Bernard Hicks, the public face of the Westside Boys & Girls Club for the past 14 years, was laid off last week with little advance notice in response to ongoing financial problems confronting the confederation of Boys & Girls Clubs making up Santa Barbara United. Hicks, a former UCSB basketball player, functioned as the club’s athletic director, ran the computer skills programs, and served as current director Magda Arroyo’s right-hand man.
Hicks exuded a calm, reassuring strength and was popular with the kids, and United’s executive Mike Rattray said Hicks will be missed. Rattray explained that the grinding need to cut costs forced United to cut the position of Hicks and his Carpinteria counterpart and “adjust” the job description — and costs — of two other positions. Rattray said that Goleta Boys & Girls Club sports director Bob Thompson will pick up the slack to ensure that any Westside club kids interested in sports programs are enrolled in one. He also expressed hope that the City of Santa Barbara’s Parks & Recreation Department would help, too. Rattray declined to say how much of a cost savings these cuts would provide.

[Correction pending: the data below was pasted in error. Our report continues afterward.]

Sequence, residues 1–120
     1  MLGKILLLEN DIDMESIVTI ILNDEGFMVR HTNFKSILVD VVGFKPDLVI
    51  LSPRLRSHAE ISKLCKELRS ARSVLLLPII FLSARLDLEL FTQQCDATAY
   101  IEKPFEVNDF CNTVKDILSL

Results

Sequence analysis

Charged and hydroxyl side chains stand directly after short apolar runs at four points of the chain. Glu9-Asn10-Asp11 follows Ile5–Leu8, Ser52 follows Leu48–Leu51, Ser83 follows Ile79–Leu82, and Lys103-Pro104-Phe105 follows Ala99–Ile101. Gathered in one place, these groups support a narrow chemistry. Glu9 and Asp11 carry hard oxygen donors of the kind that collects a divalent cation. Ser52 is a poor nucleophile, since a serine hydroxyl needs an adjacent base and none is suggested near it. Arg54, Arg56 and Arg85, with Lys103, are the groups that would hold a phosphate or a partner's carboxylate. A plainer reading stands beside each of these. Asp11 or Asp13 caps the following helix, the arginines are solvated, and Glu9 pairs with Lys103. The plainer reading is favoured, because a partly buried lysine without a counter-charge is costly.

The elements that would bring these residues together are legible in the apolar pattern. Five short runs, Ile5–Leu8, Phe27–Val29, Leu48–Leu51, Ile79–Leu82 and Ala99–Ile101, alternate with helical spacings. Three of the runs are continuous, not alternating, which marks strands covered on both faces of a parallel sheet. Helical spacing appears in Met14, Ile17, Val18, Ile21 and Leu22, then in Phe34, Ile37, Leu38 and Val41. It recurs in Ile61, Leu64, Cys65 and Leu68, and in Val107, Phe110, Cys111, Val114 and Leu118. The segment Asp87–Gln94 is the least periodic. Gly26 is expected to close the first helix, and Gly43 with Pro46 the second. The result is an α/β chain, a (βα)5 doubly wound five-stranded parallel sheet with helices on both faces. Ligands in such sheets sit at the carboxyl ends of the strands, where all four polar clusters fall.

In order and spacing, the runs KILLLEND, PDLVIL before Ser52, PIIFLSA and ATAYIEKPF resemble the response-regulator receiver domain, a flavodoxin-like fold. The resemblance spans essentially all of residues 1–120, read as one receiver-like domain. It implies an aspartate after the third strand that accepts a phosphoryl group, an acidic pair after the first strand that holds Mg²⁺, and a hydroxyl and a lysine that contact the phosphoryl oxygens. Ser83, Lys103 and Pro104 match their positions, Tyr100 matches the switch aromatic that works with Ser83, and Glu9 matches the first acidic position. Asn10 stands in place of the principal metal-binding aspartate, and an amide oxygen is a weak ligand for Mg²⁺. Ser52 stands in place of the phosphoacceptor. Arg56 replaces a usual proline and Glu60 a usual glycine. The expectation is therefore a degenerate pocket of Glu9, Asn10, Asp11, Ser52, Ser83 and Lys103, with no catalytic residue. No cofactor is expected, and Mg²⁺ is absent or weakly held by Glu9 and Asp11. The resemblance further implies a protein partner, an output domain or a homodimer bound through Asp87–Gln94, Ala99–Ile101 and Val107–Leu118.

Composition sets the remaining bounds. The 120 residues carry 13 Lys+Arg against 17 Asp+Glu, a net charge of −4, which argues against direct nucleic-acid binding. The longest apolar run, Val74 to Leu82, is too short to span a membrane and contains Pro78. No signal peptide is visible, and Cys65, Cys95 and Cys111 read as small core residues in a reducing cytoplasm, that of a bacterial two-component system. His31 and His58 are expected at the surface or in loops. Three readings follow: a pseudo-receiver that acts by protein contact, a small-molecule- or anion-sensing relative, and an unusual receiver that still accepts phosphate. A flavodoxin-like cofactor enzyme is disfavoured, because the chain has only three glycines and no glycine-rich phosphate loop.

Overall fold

Earlier this year, the United Boys & Girls Clubs — with 10 locations, 100 employees, and 5,000 kids enrolled — successfully completed an emergency fundraising drive to generate $300,000. In addition, the Chumash announced that the Westside club would be the sole beneficiary of this year’s golf benefit, historically, a big money raiser. Rattray added that the chief goal of the club — which serves the city’s most densely populated and most economically disadvantaged neighborhoods — is to reduce the academic achievement gap that perpetuates the cycle of poverty. Not only were sports programs money losers, he said, but enrollments have been steadily declining over the past 10 years.
Hicks’s departure came as a shock to some Westside club parents and kids, some of whom expressed concern he was not given more than a week’s notice. Rattray said the notice Hicks was given conformed to the industry standard for nonprofits. Hicks was not available for comment.